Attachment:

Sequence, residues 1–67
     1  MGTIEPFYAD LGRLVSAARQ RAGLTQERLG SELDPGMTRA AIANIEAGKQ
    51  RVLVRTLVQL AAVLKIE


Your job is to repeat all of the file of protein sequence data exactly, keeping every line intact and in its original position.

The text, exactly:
Sequence, residues 1–67
     1  MGTIEPFYAD LGRLVSAARQ RAGLTQERLG SELDPGMTRA AIANIEAGKQ
    51  RVLVRTLVQL AAVLKIE